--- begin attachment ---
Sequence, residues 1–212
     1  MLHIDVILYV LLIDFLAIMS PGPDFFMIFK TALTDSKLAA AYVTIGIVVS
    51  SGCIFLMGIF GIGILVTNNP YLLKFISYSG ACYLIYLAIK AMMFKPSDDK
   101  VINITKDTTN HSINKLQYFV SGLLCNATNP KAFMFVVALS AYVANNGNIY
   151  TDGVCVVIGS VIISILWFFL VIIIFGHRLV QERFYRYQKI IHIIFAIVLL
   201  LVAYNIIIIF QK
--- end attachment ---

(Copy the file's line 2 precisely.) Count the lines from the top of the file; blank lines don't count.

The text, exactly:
     1  MLHIDVILYV LLIDFLAIMS PGPDFFMIFK TALTDSKLAA AYVTIGIVVS